Vines repair themselves: pipevine
Stems of pipevines repair fissures and ruptures in their strengthening tissues by parenchyma cells from surrounding tissues swelling into the fissure to seal it.
|Biomimetic Application Ideas|
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"This study reveals in detail the mechanism of self-repair during secondary growth in the vines Aristolochia macrophylla and Aristolochia ringens based on morphological data. For a comprehensive understanding of the underlying mechanisms during the self-repair of lesions in the sclerenchymatous cylinder of the stem, which are caused by internal growth stresses, a classification of morphological changes in the cells involved in the repair process is required. In an early stage of self-repair, we observed morphological changes as a mere extension of the turgescent cortex cells surrounding the lesion, whereby the cell wall extends locally through visco-elastic/plastic deformation without observable cell wall synthesis. Later stages involve typical cell growth and cell division. Several successive phases of self-repair were investigated by light microscopy of stained samples and confocal laser-scanning microscopy in fluorescence mode. The results indicate that A. macrophylla and A. ringens respond to lesions caused by internal growth stresses with a sophisticated self-repair mechanism comprising several phases of different repair modes." (Busch et al. 2010:2113)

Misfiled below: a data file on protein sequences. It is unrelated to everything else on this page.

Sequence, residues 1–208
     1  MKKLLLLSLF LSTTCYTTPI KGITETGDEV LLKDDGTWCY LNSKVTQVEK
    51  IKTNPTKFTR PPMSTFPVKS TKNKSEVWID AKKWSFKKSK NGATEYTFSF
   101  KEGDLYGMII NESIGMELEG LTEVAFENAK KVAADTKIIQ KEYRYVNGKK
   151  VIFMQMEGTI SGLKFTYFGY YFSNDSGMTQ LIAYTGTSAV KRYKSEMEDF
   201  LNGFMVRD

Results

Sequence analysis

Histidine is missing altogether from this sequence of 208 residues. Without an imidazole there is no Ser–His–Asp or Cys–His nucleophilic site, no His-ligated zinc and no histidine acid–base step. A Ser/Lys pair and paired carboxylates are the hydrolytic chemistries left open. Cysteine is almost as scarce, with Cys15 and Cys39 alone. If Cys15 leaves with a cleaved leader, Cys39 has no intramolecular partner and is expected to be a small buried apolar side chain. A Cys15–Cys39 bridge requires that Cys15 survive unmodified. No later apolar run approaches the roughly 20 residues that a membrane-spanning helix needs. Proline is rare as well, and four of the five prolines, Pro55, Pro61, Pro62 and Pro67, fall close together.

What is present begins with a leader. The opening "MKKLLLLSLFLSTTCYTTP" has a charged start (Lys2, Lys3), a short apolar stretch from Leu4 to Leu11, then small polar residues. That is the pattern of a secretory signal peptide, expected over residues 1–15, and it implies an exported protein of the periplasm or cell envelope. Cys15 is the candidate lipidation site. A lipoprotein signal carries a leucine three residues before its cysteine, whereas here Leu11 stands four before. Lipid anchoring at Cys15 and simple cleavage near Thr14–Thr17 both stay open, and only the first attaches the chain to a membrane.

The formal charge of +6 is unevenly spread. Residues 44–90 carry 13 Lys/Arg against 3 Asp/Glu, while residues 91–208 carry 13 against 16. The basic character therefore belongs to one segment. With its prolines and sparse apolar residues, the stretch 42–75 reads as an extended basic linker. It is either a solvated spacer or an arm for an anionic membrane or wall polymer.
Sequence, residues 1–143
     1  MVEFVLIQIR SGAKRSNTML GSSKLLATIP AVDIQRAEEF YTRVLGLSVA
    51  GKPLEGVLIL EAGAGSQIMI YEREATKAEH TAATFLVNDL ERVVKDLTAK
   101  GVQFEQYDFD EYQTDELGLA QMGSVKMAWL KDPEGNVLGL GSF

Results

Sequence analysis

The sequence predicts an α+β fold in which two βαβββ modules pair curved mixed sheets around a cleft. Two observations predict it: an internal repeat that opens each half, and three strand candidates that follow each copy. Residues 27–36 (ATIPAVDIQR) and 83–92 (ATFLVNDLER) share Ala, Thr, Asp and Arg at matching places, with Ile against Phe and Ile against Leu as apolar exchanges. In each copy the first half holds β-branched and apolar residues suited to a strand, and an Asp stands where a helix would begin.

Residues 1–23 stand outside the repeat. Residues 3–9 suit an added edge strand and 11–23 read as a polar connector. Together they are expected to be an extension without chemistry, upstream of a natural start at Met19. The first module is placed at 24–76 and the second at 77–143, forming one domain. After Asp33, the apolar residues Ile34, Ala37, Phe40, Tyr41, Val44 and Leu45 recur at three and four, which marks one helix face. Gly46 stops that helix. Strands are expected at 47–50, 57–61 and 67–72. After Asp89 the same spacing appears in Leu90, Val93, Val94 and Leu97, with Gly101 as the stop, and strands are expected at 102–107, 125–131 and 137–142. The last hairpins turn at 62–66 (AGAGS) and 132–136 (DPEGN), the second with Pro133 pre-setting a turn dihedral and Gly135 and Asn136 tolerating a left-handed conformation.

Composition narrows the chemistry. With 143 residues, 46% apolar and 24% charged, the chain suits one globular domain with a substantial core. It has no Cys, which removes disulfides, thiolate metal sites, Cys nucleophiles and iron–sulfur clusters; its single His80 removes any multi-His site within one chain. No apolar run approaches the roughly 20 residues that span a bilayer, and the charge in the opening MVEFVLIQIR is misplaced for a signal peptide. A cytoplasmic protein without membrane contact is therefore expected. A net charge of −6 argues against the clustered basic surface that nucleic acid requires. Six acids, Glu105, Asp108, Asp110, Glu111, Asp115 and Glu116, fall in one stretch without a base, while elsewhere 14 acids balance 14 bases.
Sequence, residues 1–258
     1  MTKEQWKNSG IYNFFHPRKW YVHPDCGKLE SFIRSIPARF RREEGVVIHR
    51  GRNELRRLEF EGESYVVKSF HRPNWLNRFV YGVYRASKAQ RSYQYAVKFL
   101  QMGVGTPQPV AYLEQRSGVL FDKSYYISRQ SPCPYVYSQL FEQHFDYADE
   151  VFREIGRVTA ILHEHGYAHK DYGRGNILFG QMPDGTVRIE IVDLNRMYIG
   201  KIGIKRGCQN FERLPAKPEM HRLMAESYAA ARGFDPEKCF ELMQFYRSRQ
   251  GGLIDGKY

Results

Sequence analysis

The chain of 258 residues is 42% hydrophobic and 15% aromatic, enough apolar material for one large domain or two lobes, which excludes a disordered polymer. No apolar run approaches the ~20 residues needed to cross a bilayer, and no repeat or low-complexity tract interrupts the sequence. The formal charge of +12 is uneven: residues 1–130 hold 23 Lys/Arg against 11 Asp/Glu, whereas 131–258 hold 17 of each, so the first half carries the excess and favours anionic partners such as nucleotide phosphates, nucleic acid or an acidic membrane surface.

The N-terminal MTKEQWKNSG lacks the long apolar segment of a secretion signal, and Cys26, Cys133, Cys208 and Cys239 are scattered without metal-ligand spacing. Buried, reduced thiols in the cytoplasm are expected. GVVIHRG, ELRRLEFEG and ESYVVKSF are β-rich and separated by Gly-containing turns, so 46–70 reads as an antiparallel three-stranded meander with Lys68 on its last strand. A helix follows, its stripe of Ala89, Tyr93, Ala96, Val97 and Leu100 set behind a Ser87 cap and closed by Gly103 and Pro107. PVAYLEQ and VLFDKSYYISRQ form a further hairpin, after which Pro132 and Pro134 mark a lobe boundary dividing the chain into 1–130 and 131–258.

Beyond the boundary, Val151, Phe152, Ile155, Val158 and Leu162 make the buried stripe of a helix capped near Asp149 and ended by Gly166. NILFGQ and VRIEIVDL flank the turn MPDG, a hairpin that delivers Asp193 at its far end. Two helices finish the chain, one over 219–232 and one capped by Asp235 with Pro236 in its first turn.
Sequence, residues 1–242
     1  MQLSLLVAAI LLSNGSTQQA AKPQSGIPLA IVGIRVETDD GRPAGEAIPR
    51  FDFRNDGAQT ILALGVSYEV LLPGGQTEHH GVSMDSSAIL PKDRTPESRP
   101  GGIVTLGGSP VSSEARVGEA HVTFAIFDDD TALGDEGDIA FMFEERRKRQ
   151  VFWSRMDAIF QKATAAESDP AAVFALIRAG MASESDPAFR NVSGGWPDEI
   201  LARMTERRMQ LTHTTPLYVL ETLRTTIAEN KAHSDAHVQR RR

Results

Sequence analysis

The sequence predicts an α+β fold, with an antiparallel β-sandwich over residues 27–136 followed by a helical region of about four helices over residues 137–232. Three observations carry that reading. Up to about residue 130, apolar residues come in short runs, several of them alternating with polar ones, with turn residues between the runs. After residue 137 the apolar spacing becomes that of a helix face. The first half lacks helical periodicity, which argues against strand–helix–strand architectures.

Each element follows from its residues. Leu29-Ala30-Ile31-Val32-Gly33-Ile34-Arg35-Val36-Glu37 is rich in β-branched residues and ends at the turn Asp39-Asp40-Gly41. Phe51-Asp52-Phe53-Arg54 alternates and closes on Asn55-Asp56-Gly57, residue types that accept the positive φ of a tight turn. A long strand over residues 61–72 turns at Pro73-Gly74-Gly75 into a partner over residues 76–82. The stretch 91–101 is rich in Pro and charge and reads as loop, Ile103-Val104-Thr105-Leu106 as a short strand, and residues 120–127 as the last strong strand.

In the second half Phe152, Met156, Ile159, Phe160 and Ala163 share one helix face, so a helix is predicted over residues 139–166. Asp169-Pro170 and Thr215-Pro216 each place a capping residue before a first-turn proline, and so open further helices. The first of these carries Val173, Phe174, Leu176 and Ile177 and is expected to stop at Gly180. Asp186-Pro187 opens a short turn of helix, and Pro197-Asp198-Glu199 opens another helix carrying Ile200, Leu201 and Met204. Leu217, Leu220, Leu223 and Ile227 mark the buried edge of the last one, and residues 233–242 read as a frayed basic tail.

Application Ideas: Lightweight architecture that self-seals. Self-sealing pneumatic structures. Self-repairing clothing, medical technology, pipelines, etc.
Industrial Sector(s) interested in this strategy: Manufacturing, construction, medical, textilesSelf-repairing Concrete - Concrete
Self-healing foams and membranes - Self-healing foams and membranes
Self-repairing concrete - Self-repairing concrete structures
Self-repairing polymer composites - Self-repairing polymer composites
University of Freiburg